Then I can see here there is another one here for what to do if there is a close match. I'm going to set that to false. Just return an error.

So now I get 180 because it looks up here and it says 1/6 is 180. If I were to copy this and paste it into all of the cells here I'd get a lot of errors and the correct one for the dates it has. So the 6th, 7th, 8th is 180, 180, 180, 178. 1/15 should be 174 and sure enough it is. So now I've got a table that automatically fills up with data based on this data here. If I add more to this it will reflect it.

So, for instance, if I were to insert another row, because I found out I had this data, I can now see that 177 is automatically filled in there. So if I extended this out to be all the way to the end of the year, for instance, and then I kept adding more to this table this table would automatically grow.

Now let's turn this into a chart. I'm going to select the entire table and I'm going to turn it into a chart. I'm going to do a line chart here and you could see now it actually correctly scatters things across. See there is that big gap between the 18th and the 30th. These are consecutive.

That basically gets me what I want. I would like it to be a little neater in that I've got lines between these dates because they are consecutive and then it breaks the lines here because there is just errors for these dates.

So some experimentation told me that I could, if go to 2D lines and 2D area it actually fills things in very nicely. So one of things I want to do here is I want to change the minimum value, as I should, to zero because it makes more sense. 0 to 180 so everything is represented normally here. So you can see it actually follows along really nicely filling in the gaps.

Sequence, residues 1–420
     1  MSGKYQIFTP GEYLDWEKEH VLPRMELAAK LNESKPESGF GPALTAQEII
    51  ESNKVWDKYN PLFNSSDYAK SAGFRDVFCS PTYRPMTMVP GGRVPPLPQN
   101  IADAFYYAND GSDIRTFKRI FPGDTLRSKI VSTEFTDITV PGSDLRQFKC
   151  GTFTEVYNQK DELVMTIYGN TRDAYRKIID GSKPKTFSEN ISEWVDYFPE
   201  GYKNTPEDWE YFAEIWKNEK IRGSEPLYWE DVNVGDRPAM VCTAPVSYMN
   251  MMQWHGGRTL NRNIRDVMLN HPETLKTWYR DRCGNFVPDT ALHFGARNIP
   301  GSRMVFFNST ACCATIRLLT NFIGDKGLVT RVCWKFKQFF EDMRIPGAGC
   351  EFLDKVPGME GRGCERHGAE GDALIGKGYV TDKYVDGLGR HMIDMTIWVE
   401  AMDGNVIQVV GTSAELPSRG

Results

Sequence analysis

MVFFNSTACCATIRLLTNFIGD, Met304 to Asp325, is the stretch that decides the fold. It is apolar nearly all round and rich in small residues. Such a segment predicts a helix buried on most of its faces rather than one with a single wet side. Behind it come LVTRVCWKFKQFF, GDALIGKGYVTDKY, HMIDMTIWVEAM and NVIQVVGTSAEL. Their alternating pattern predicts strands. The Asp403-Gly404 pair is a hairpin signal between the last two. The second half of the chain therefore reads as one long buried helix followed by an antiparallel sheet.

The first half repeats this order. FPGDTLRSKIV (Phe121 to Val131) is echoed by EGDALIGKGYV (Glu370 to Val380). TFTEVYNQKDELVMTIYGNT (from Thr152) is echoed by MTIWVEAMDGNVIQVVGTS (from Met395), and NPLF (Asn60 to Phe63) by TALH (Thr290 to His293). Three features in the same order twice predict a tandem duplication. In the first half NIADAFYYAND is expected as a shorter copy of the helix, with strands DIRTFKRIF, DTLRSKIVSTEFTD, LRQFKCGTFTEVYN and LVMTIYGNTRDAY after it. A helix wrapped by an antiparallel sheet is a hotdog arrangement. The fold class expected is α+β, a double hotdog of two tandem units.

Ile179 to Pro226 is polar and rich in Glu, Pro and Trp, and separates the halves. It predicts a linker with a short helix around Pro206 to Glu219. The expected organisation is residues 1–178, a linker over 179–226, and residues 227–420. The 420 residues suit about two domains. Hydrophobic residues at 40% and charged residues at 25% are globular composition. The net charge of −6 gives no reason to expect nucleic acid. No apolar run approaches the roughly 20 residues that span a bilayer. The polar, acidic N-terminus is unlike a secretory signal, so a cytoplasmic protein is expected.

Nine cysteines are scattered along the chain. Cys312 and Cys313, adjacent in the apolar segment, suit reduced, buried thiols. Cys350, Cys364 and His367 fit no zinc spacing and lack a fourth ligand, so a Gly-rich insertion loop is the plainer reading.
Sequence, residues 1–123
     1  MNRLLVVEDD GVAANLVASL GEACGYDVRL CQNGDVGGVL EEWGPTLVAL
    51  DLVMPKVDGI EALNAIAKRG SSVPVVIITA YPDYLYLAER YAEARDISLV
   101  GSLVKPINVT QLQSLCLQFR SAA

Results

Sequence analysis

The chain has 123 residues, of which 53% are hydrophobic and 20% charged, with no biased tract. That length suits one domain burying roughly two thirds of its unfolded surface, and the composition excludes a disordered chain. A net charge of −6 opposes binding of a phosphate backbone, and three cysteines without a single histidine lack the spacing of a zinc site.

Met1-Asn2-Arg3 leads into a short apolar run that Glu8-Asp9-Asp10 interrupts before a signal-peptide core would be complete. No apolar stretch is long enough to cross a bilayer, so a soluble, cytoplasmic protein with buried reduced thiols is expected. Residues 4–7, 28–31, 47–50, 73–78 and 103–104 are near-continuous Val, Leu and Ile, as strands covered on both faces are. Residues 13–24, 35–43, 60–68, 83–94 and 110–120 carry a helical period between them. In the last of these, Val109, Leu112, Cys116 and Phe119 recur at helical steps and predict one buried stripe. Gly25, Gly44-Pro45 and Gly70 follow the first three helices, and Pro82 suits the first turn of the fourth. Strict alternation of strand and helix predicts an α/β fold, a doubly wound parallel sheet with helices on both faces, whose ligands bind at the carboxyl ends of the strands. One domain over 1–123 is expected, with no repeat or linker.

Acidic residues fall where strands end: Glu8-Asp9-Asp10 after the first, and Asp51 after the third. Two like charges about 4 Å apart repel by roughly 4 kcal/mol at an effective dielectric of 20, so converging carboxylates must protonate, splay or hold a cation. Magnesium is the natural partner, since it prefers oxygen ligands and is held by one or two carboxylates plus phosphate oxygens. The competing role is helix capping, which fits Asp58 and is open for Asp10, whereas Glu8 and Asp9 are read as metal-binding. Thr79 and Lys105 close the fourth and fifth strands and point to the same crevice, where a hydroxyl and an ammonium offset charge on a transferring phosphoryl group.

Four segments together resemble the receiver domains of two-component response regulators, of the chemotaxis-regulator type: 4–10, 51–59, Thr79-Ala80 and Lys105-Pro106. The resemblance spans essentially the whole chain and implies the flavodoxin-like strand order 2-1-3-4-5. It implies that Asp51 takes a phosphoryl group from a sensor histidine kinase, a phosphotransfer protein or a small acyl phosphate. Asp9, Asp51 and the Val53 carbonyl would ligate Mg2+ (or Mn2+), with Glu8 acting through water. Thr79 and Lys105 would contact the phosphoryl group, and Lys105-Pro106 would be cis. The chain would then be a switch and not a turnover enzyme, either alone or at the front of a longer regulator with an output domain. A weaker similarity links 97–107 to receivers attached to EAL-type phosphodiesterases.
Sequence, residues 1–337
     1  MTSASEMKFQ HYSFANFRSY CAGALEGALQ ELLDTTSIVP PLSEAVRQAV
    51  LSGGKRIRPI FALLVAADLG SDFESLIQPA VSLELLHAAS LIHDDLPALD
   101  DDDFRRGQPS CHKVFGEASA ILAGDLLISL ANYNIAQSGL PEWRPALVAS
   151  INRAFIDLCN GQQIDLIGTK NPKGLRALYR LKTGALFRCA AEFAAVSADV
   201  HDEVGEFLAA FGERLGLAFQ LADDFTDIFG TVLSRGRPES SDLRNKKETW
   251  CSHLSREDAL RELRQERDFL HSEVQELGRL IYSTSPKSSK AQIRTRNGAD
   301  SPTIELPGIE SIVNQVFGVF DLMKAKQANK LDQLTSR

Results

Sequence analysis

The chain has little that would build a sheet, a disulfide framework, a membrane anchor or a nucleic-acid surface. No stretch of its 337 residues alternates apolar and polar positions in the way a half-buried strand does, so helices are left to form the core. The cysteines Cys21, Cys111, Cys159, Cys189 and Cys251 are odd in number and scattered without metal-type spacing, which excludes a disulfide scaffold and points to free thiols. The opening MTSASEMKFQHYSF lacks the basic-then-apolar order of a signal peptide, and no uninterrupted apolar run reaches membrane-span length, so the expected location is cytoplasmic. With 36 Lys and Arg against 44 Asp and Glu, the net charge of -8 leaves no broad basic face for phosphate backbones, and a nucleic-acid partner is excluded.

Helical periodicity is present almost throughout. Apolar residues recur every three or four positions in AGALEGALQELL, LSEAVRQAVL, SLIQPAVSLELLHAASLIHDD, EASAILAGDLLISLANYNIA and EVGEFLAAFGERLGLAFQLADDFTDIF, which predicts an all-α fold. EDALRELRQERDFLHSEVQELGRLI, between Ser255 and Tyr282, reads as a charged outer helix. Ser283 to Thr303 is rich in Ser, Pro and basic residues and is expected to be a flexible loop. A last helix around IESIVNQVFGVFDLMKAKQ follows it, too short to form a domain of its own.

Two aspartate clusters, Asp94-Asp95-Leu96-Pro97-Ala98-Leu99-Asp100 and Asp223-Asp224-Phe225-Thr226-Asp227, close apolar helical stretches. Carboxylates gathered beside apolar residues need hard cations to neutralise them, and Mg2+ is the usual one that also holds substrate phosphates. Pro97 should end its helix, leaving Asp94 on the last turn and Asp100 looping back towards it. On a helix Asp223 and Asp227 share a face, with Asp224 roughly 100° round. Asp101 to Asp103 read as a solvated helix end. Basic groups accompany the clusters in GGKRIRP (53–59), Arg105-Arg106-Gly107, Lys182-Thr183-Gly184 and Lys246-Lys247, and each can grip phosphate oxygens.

I can select this area here, go into Style, and tell it I want you to have a line at the top but no fill. Now I've got a nice line exactly the way I want it. It doesn't show anything down here it just shows the line at the top and it fills in all the gaps. I get a really good sense of all the data going across even though there are blank spots.

So that's how you do it. That's how you make it so it goes to fill a graph in with non-consecutive dates. I'm going to cut that, Command X, and paste it into here because now I can actually use this this chart here, ignore this in the background, and if I add a new date, for instance if I add another one, you can see it added it automatically to this chart. So I can just forget about this working in the background and use this and get the results shown here.

Here is the Numbers file if you would like to play around with it yourself: NonConsecutiveNumbers.zip.

Comments: 6 Responses to “Numbers Charts With Non-Consecutive Data”

    Antrim
    6/13/16 @ 1:00 pm

    Great tip. Too bad that this ability is not built in, since people have to do this all the time. Is there an easier way in Excel?

    6/13/16 @ 1:18 pm

    Antrim: Not sure if Excel will just automatically do this. But Google Docs spreadsheets will automatically space the dates on charts.

    Robyn
    6/16/16 @ 3:20 pm

    Gary…brilliant! You are so clever.

    Dorit
    6/22/16 @ 9:42 am

    Maybe I didn’t get the problem yet, but why don’t you use the built in scatter diagram type, where you have one column for the horizontal (x) axis and another one for vertical (y) axis?

    6/22/16 @ 9:59 am

    Dorit: Scatter charts show two sets of data. You can’t use them to show a single set of data with two dimensions (value and date). They just can’t be used in this way.

    Eran Livne
    7/12/16 @ 11:11 pm

    Brilliant, thanks for the tips.

Comments Closed.